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José Andrés is not a museum curator or an anthropologist.
But sitting in his new restaurant, America Eats, and listening to the chef talk about food policy and history might lead one to think otherwise.
America Eats is Andrés’ take on the history of American cuisine, with a menu featuring dishes that date as far back as 1607.
He developed the restaurant at 405 Eighth St. NW as a complement to the “What’s Cooking, Uncle Sam?” exhibit that opened in June at the National Archives. The exhibit traces the history of American food policy and culinary innovation, and Andrés wanted his restaurant to reflect on and expand those ideas.
“This is technically not a restaurant anymore, it’s an exhibit. And it’s not an exhibit that you see or you listen to — it’s an exhibit that you eat,” he said.
His involvement in the exhibit began when the National Archives contacted him to be its culinary adviser. He soon realized the exhibit offered him the perfect opportunity to develop a long-held idea.
“Maybe now is the moment for this American restaurant I’ve always wanted to open,” he said he thought at the time.
But America Eats is more than just another feather in his cap. The restaurant will stay open for only six months, and all proceeds will go to the National Archives. Andrés said the philanthropic aspect of the restaurant makes it all the more meaningful for him.
“You can do a great American restaurant, and even if you do it because you have a passion, it’s a business,” he said. “It’s one more powerful thing that when you open a restaurant, it has a purpose.”
Andrés was able to find two corporate sponsors to support his endeavor, Dole Food Co. and American Express, but when he initially conceived the philanthropic restaurant, he had planned to put himself out on a limb to achieve it.
“I’m risking a lot. When we said we wanted to do that, we didn’t even have the full commitment of the sponsors, so it was risky in so many ways, but I had the conviction that it had to be done,” he said.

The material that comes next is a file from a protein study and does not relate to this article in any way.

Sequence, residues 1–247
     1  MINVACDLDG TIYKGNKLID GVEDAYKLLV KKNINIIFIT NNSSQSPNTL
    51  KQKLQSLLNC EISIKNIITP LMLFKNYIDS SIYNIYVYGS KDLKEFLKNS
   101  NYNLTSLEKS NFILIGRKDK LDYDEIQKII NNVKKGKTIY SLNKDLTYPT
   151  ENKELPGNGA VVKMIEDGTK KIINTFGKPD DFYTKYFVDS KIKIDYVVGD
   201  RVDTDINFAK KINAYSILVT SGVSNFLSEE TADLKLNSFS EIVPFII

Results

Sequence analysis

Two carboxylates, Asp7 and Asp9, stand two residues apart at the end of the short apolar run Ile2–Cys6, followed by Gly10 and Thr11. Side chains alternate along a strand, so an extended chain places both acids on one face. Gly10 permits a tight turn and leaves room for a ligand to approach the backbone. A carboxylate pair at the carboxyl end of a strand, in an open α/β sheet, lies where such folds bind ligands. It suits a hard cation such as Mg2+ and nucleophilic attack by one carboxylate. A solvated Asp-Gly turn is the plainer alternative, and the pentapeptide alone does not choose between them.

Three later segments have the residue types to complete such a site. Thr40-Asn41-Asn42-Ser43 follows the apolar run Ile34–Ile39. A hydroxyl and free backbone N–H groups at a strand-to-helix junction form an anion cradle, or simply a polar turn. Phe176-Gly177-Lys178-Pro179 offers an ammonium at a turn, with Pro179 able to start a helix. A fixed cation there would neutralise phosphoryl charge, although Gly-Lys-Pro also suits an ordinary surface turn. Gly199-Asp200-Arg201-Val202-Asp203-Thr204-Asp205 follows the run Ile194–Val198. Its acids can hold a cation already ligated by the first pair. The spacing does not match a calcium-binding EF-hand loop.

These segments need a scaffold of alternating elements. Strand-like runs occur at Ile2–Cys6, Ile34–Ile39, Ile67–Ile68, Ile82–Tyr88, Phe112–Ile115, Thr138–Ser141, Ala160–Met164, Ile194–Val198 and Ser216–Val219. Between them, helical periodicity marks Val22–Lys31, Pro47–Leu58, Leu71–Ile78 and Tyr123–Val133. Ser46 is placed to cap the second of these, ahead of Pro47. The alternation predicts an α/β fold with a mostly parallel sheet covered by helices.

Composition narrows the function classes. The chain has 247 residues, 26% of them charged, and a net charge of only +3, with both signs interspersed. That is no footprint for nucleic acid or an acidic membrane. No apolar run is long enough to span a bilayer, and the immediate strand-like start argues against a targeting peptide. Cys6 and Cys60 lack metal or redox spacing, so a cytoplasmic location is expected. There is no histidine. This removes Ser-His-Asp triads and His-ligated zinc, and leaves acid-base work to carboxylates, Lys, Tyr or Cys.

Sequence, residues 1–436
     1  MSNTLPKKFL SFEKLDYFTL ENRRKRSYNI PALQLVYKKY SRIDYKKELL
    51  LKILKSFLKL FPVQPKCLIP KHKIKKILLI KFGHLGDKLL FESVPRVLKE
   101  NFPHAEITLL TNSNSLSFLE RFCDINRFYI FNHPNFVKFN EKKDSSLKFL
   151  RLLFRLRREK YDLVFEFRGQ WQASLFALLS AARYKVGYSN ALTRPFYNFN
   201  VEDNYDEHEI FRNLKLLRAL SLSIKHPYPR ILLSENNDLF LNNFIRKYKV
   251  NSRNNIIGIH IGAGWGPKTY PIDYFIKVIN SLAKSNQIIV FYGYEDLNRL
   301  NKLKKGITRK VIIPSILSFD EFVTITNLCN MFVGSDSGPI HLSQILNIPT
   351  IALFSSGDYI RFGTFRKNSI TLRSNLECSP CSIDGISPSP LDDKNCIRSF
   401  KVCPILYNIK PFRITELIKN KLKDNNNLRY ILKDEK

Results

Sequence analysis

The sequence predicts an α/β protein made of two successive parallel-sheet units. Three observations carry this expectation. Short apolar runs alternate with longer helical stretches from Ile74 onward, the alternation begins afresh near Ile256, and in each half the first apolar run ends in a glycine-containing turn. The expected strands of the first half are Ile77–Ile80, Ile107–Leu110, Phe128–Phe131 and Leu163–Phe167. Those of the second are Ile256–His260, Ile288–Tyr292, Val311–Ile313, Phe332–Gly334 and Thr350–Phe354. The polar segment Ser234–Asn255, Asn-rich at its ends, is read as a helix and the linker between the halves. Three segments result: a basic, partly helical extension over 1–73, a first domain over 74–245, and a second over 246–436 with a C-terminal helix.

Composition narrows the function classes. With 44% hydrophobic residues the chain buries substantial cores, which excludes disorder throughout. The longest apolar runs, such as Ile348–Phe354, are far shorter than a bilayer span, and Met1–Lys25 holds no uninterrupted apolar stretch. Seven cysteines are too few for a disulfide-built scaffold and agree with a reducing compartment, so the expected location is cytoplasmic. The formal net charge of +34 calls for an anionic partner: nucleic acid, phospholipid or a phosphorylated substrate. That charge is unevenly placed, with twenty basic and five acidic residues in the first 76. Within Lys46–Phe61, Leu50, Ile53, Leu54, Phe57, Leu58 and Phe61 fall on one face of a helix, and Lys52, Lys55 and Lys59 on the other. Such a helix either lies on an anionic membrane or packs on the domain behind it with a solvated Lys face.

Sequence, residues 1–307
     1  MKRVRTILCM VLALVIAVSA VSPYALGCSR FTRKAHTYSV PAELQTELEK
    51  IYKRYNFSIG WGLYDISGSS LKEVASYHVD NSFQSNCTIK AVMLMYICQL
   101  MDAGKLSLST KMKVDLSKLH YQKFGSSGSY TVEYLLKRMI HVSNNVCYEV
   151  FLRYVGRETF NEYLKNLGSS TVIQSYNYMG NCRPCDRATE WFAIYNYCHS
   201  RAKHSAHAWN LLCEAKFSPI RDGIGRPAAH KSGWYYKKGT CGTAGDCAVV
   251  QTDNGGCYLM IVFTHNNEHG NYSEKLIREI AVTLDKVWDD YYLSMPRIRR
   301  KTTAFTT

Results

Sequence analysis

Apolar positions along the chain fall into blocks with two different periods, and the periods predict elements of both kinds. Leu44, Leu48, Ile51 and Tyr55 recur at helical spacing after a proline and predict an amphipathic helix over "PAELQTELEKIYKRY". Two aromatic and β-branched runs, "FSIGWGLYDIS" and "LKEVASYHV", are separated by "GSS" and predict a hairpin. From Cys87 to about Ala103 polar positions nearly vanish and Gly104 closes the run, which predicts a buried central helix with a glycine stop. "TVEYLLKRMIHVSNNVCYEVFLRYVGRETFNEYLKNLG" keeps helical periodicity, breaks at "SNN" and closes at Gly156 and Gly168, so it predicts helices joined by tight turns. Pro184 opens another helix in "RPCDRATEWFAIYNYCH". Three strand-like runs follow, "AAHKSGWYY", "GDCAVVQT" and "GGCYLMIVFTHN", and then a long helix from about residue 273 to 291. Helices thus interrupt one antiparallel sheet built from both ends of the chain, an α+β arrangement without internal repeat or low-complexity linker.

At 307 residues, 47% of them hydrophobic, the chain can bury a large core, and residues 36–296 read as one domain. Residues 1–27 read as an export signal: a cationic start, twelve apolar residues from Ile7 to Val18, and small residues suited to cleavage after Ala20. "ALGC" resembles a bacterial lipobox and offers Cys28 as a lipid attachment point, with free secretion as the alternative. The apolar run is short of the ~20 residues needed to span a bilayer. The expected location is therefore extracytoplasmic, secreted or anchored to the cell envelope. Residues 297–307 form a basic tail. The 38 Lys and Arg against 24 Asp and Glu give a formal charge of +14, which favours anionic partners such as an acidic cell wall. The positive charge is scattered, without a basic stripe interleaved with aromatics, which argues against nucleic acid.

Though this is his first attempt at creating a philanthropic dining establishment, Andrés has said for years that the future of experimental restaurants — such as his Minibar — will include corporate sponsorship. America Eats seems to be a success — he said the restaurant has been booked solid for dinner since it opened a month ago, and lunches, typically a difficult time, are also busy.
The idea of a restaurant-as-exhibit is also something Andrés hopes to expand on in the future. He said his next idea might be a restaurant that pairs with the State Department to show what carbon-neutral, no-emissions cooking looks like.
Along with America Eats, Andrés is supporting the National Archives exhibit by hosting roundtable discussions that bring culinary experts together to discuss solutions to the world’s food problems. Andrés believes, in the same way it’s important for architects to plan the cities of the future and doctors to have a say in the evolution of the health care system, chefs should take part in planning future food policy.
“If you don’t speak up and you don’t nag anyone or you don’t push, someone else will. And, quite frankly, I prefer that the chefs of the world have something to say about how we feed America and the world than a politician from the middle of nowhere that has no interest in cooking or even loves food,” he said.
Andrés is particularly concerned with the 2012 reauthorization of the farm bill. He said it could be the most important farm bill negotiated in the history of the world because of the effects it could have on obesity in the U.S. and on hunger-related issues in other countries.
In a field focused so wholly on singular dining experiences, it’s unique to find a chef who considers the long-range effects of the food he serves to his patrons. But for Andrés, his study of food history and policy makes perfect sense.
“I am interested in all things food, and all things food means more than going to the market and shopping. All things food means history and politics and social and commerce,” he said.
For Andrés, each dish is more than just a moment’s meal.
“I think you can explain the history of the world through cooking, through food,” he said.